Although technology in the classroom is becoming common, its long-term impact on learners is still unknown.
Technology in the classroom has the potential to do great things and has already started to change the educational landscape. Tablets and e-readers offer a new way for students to read assigned material and can offer huge savings to school districts and college students by replacing expensive text books. Technology’s ability to foster remote learning can utilize time that would otherwise be lost to snow days and absences.
Initiatives to provide public school students with tablets have only recently become feasible as portable electronics have become more affordable.
According to The Washington Post, K-12 spending on tablets increased 60 percent between 2013 and 2014. “Before, it was more sit and get,” said Leslie Wilson, chief executive of the One-to-One Institute.
“In this transformed environment, students can direct their own learning,” Wilson said.
This illustrates another benefit of having technology in the classroom— it allows students to learn at an individualized pace. For instance, websites like Khan Academy offer free lessons to anyone with access to a computer. Khan targets everyone from primary school through college students and beyond. It even allows teachers to view when learners are having trouble through a dashboard application. Through this and other sites like it, students can get extra help when they are struggling and move ahead to new topics when they are ready to be challenged.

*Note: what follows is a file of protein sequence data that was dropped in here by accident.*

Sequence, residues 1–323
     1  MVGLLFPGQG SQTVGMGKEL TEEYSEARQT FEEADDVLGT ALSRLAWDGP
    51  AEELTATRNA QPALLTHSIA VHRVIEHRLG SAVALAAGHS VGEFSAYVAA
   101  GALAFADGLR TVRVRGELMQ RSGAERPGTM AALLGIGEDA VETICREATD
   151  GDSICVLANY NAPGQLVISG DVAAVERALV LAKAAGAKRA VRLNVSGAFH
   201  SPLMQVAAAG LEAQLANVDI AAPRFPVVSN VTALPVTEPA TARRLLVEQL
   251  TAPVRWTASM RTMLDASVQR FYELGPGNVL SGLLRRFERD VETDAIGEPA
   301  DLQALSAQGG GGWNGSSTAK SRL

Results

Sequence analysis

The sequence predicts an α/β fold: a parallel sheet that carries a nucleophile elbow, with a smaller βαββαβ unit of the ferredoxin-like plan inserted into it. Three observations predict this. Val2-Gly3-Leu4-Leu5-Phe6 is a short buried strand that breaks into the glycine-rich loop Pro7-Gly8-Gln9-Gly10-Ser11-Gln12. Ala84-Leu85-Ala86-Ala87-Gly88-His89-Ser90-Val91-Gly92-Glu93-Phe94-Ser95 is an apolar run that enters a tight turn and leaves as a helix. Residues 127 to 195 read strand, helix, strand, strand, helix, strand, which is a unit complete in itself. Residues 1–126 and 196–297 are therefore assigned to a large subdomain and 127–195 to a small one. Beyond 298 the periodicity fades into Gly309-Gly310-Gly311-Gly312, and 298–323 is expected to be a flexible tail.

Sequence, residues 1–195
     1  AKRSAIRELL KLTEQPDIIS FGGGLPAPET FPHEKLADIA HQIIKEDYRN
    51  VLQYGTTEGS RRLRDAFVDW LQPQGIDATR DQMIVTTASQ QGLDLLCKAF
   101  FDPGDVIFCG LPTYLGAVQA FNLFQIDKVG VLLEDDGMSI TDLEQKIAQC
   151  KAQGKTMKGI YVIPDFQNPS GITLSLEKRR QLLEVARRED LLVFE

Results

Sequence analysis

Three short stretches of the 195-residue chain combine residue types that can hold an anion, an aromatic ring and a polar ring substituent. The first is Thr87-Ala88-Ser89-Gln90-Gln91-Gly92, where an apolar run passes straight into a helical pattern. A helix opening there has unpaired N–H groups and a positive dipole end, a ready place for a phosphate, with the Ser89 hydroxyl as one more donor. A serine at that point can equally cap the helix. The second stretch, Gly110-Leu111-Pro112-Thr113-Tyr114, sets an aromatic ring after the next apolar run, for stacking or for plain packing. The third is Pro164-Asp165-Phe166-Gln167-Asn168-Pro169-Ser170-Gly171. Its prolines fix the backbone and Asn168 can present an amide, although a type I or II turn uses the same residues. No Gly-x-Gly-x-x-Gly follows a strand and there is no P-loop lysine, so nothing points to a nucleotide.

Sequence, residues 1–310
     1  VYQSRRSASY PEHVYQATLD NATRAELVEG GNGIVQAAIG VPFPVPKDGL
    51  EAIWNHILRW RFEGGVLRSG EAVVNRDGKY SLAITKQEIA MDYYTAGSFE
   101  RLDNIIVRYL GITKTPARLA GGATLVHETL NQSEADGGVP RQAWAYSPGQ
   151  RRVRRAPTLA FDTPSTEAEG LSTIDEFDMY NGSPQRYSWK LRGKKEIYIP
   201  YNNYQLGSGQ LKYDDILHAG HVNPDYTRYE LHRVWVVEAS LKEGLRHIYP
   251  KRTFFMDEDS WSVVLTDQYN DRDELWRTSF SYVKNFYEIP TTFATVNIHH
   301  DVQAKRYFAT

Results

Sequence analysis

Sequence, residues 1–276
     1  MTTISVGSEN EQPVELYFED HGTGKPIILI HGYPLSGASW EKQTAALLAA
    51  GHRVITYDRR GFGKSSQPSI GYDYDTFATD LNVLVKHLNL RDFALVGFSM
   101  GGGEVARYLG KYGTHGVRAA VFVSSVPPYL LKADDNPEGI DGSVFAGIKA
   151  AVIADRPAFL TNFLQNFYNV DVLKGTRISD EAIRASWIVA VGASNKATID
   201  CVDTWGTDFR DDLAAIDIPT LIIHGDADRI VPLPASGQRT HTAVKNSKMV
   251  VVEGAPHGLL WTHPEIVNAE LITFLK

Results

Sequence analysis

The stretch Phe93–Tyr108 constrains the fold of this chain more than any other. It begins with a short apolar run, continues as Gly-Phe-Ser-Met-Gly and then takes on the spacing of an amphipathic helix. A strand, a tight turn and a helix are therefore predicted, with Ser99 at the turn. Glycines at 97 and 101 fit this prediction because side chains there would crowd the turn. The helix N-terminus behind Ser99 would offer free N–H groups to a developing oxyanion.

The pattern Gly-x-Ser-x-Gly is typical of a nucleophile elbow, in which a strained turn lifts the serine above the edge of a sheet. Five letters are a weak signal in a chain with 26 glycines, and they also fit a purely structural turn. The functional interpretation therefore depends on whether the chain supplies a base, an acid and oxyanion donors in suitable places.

Some remain skeptical regarding the role of technology in the classroom, however. Laptop distribution programs in Costa Rica produced unfavorable results with test scores dropping after students received personal computers. Carnegie Mellon University conducted a study where they interrupted test-takers with instant messages that provided them with important additional test instructions. When compared with a control group, students faced with these distractions answered 20 percent fewer questions correctly. A second experiment observed 263 students as they attempted to study for 15 minutes. Even though they knew they were being monitored, the students quickly turned to social media and texting instead of doing the assigned work.
Unsurprisingly, technology doesn’t appear to help much if there’s no clear way to incorporate it into the curriculum. When effectively integrated and managed, however, the use of technology in the classroom can help to engage students and differentiate their learning. The outcome of including technology in the classroom isn’t black and white, but it is clear that simply having a computer isn’t a guaranteed path to learning.